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Journal American Rhododendron Society

Current Editor:
Dr. Glen Jamieson ars.editor@gmail.com


Volume 9, Number 3
July 1955

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Garden Tour Sunday, May 1st, of Oliver De Silva's Garden in Oakland
Jack Osegueda, San Francisco, Cal.

Oliver DeSilva Garden
Fig. 30.  A section of the Oliver DeSilva Garden.

        Despite a cold bleak day, seventy eight members of the California Chapter enjoyed an afternoon visit to member Oliver De Silva's garden in the hills overlooking Oakland. The garden, started in 1949, was designed by Mr. De Silva, the terracing and planting was done by himself with little help! Last month it won the Chamber of Commerce award for the best large garden in the east bay.
        Entering down a paved driveway you circle through hundreds of large rhododendron and azalea bushes banked solid on both sides, then you come upon a lovely camellia planting with many reticulata plants taller than yourself. In the center of the nearly acre planting is a series of terraces with a large lily pond at the end, large Chinese magnolias blend in beautifully with the azaleas and rhododendrons massed by the pool and on the terraces, with the home set in perfectly under huge conifer trees.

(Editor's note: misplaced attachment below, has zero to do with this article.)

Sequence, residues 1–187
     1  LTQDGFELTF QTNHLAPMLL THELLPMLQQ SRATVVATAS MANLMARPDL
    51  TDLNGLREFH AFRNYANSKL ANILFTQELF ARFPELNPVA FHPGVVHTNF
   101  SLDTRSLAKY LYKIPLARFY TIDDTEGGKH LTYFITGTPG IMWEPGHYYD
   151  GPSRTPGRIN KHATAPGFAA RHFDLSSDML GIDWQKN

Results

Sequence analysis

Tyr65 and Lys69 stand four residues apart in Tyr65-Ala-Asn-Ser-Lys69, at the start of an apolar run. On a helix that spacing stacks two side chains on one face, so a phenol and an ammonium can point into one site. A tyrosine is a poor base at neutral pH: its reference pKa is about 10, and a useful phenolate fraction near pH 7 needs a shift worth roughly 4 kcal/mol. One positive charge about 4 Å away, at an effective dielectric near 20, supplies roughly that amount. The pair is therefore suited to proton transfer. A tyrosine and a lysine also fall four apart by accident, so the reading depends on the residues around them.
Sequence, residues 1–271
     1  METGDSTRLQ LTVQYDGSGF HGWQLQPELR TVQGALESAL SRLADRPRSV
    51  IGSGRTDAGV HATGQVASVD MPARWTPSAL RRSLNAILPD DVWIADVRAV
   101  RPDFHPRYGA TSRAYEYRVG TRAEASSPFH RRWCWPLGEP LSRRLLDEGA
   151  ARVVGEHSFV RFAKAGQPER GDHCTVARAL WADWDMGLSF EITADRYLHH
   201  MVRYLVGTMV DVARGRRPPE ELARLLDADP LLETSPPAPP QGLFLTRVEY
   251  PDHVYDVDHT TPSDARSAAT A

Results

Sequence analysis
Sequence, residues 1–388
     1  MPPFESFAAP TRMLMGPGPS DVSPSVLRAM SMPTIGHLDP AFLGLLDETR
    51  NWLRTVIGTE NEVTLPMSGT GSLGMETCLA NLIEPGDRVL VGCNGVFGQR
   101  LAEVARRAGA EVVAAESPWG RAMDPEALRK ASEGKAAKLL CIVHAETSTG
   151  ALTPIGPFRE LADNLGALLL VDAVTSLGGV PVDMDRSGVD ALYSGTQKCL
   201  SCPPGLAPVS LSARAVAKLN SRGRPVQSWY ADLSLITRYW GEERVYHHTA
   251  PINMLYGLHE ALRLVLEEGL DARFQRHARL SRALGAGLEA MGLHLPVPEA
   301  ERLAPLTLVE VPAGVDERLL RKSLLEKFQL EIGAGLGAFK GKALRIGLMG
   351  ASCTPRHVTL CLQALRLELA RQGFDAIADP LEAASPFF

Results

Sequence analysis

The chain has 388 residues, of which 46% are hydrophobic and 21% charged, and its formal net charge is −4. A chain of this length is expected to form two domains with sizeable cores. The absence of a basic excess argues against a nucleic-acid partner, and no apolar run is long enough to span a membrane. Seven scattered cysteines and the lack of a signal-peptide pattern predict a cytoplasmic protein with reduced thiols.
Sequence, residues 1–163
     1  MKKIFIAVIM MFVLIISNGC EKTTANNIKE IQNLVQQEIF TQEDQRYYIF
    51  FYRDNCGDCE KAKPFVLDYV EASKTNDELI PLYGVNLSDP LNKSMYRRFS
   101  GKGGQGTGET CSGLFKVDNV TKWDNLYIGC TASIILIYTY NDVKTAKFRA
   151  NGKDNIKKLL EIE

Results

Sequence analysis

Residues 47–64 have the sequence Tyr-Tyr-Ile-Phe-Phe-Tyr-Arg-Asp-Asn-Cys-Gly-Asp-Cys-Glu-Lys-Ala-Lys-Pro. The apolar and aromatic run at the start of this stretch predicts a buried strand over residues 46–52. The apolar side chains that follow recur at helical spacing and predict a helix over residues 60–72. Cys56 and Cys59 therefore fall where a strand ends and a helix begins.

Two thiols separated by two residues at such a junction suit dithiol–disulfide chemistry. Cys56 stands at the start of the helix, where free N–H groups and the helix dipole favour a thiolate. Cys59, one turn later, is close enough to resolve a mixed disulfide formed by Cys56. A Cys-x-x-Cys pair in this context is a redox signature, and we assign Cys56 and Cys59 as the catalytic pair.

Below the house, terrace after terrace meets the eye with good size plants massed in every color. Seventy-five deciduous azaleas in striking yellow and orange tones is a sight to behold on the highest terrace. Dropping down winding paths you come upon a luscious lawn surrounded by beautiful four to six foot rhododendrons which continue down the hillside to a creek bed. One side of the lawn has a nice grouping of white and pink dogwoods with beds of azaleas, roses and bulbs in the foreground.
        Trying to get Mr. De Silva to tell how he managed to get the garden in and still put a full day in his contracting business, members found out from his wife Hazel that he never missed a week-end or night without working on the garden. Nearly a hundred tons of stone were used in the terrace walls, over five hundred rhododendrons were planted and about as many azaleas. Eighteen dogwood trees and twenty deciduous magnolias were counted, all of good size, plus many companion plants and trees. Members all agreed that Oliver will never be lacking work to do, watering alone is a job in itself!
        The complete garden has a most naturalistic setting, it is hard to believe that only six years went into the work creating it, the secret was starting with large plants, much will and determination.
        Refreshments were served in the large rumpus room, large indoor plants were much in evidence. Colored slides were shown covering the period of years the garden was being formed.


Volume 9, Number 3
July 1955

DLA Ejournal Home | QBARS Home | Table of Contents for this issue | Search JARS and other ejournals